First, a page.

Environment and sustainability

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Ottawa / Washington, D.C. / New York, NY / Mexico City, Mexico—With ratification of NAFTA 2.0 still up in the air in the U.S. and Canada, a new international report contrasts the deeply flawed agreement with proposals for a more progressive and truly fair trade regime.
With ratification of NAFTA 2.0 still up in the air, a new international report looks beyond that deeply flawed agreement to imagine a more progressive and truly fair trade regime. The report, which includes contributions by trade experts and activists from all three North American countries, critically analyzes the USMCA (known as CUSMA in Canada and T-MEC in Mexico) and sets out alternatives that would give priority to human rights and the rights of nature over corporate rights.
(VANCOUVER) What do Suncor, Encana, the Royal Bank of Canada, the Fraser Institute and 46 other companies and organizations have in common? They are among the entities that make up the most influential fossil fuel industry players in Canada. Today, the Corporate Mapping Project (CMP) is drawing attention to these powerful corporations and organizations with the release of its Fossil-Power Top 50 listing, along with a publicly accessible database of the larger Canadian fossil fuel industry that maps its connections to the wider corporate sector in Canada and globally.
We Albertans are patient and fair minded, but we have had enough of your campaign of defamation and double standards. Today, we begin to stand up for ourselves, for our jobs, for our future. Today we begin to fight back. ~ Premier Jason Kenney on election night, April 16, 2019
REUTERS/Nick Didlick For the last decade, oil and gas industry supporters in media, civil society and government have honed a populist narrative revolving around two core arguments: 1) Fossil fuel development is vital to the national economic interest.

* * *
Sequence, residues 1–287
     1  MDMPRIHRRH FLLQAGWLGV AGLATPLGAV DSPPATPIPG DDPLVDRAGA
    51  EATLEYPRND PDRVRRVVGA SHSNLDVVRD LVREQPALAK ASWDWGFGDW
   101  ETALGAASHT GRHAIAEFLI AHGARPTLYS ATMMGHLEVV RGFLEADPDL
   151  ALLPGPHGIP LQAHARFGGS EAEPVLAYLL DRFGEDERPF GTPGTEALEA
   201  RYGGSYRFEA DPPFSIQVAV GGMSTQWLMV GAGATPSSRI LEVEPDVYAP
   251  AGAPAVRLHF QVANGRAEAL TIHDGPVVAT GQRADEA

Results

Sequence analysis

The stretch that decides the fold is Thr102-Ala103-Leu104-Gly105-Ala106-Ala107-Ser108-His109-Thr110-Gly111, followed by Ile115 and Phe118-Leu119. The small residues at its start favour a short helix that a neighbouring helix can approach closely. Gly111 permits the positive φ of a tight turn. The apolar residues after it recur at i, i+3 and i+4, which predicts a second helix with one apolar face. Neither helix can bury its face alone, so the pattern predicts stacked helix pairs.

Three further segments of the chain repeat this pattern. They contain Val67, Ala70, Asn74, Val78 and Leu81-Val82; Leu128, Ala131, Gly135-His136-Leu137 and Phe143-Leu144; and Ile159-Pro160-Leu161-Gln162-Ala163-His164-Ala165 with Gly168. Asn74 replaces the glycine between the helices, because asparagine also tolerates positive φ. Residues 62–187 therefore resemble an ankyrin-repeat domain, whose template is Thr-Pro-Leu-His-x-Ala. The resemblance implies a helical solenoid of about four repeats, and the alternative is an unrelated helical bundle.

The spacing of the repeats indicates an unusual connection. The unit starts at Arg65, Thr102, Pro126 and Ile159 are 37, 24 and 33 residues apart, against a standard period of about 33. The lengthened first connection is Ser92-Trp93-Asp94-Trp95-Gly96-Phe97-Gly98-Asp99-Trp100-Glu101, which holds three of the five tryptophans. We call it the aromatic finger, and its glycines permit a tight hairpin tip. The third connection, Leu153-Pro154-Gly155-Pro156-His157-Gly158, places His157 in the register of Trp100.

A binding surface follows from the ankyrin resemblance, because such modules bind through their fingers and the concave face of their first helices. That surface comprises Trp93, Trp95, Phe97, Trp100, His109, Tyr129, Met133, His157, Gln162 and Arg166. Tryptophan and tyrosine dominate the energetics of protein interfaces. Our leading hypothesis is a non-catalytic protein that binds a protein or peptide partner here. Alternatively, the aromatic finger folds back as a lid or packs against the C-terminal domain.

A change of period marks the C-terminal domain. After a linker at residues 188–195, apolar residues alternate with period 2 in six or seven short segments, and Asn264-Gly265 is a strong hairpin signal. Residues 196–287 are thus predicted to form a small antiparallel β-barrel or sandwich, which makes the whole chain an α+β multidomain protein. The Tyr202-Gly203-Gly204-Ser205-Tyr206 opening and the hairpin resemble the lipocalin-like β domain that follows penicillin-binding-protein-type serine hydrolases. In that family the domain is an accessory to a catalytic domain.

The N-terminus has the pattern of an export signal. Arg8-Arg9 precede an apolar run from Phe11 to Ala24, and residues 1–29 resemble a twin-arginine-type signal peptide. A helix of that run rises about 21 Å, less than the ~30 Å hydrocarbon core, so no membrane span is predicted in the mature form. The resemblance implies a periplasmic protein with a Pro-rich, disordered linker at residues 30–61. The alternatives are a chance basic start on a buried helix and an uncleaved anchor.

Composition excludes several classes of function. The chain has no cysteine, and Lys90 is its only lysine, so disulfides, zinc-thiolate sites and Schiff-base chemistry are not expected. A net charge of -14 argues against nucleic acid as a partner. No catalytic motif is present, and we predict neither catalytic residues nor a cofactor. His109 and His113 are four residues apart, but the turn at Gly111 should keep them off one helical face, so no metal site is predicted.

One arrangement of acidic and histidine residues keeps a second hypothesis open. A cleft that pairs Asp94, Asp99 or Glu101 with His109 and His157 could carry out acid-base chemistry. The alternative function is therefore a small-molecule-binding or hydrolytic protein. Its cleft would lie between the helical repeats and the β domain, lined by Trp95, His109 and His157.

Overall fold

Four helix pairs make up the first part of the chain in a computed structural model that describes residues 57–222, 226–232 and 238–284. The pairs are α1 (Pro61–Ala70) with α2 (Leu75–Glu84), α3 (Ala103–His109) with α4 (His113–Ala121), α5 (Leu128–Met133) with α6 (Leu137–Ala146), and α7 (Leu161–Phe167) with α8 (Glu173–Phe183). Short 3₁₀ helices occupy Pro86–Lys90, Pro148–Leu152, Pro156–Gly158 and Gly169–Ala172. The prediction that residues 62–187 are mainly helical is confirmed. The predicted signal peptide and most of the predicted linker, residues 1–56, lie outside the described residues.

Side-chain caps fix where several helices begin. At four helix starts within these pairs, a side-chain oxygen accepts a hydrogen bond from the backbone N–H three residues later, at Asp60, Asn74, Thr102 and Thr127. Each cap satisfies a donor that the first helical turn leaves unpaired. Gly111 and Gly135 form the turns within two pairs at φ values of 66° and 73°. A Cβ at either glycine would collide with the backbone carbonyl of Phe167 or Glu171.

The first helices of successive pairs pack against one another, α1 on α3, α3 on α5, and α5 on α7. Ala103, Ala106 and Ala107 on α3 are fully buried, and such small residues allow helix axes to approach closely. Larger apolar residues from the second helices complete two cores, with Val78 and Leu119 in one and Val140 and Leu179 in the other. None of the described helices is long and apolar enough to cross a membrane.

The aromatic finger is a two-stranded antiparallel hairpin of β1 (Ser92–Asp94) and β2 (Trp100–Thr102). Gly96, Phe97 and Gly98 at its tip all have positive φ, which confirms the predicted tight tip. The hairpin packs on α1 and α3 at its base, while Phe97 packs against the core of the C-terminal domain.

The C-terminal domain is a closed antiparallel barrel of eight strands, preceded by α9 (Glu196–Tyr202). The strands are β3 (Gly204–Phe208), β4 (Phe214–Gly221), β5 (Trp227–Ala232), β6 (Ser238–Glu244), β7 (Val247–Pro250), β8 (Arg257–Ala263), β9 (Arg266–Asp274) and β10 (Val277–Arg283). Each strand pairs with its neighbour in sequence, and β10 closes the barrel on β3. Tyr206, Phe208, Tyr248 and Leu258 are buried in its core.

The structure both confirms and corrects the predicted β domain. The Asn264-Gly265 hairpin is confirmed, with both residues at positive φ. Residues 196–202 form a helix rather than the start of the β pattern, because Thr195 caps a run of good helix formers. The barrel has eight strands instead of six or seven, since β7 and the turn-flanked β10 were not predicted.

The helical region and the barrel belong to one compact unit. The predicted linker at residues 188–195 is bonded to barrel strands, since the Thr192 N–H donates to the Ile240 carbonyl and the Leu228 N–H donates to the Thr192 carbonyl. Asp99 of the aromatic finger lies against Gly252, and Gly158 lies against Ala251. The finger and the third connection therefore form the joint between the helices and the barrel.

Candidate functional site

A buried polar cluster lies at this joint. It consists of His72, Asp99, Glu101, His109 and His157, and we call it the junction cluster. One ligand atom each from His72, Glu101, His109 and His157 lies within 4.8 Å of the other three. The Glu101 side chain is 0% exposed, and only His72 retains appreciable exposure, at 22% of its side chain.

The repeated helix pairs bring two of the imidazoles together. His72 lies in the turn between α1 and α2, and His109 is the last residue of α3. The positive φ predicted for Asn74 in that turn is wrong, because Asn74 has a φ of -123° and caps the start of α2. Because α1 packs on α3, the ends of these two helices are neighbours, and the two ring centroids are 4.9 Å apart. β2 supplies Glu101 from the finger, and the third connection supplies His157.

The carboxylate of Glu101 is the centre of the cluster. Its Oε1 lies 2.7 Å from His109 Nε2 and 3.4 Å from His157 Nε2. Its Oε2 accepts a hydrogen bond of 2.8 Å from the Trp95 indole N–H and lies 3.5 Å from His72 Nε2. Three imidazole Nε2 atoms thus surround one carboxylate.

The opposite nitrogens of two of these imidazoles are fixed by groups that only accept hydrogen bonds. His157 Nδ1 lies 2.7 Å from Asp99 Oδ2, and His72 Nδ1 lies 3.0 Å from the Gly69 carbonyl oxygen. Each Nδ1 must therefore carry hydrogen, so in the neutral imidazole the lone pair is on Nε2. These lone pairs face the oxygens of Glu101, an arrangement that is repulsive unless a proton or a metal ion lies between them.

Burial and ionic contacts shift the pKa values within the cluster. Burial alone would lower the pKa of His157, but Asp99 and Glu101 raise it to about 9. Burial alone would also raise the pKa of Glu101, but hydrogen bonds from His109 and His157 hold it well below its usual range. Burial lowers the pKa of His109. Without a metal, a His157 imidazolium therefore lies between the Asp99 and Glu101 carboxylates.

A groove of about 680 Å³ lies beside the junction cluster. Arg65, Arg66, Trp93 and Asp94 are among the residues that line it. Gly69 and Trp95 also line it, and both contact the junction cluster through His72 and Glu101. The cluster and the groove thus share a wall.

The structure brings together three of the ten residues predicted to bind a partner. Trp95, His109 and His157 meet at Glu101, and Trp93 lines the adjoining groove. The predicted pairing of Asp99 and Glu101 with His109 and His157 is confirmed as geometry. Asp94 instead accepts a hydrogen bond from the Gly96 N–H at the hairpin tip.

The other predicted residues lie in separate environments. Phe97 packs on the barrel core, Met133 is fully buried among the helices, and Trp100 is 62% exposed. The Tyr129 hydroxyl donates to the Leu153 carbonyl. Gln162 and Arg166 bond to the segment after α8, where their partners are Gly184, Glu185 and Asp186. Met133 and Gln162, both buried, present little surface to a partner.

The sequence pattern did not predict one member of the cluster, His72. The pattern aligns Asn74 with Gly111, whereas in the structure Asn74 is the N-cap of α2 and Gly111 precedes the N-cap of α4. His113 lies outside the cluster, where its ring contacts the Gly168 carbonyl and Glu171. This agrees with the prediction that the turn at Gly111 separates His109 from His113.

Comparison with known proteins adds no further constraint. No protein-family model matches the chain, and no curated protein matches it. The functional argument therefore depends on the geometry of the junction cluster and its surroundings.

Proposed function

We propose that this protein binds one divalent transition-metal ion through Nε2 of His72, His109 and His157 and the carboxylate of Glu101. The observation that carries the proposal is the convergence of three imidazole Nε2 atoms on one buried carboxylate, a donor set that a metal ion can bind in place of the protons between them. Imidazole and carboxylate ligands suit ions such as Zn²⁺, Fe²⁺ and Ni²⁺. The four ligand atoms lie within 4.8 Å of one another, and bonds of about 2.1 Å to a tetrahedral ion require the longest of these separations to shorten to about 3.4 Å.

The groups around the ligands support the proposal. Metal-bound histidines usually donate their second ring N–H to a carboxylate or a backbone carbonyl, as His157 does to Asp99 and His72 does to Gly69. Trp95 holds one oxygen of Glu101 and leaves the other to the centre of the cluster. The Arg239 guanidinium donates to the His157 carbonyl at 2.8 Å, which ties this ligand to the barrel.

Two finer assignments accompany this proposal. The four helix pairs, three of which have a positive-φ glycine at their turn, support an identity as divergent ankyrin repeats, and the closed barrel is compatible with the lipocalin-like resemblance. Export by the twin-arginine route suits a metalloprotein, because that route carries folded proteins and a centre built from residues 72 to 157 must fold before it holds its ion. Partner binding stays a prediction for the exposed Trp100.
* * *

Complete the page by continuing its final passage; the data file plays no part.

Illustration by Scott Shields
Canada is addicted to oil. Like all addictions, ours is debilitating. It has erased the line between state and private industry (thin as that line is in most countries), stifles our politics, and is holding back local, provincial and national preparations for a world without fossil fuels. Curing our addiction to oil and gas will take time and money, and historic levels of Indigenous–federal–provincial co-operation. But it absolutely has to happen—starting now.
This report assesses the climate policy progress of Canadian governments over the past two years with respect to long-term greenhouse gas emission reductions. The report identifies growing threats to climate policy progress in Canada and concludes that positive progress in provinces like British Columbia and Quebec over the past few years is outweighed by backsliding in other provinces.

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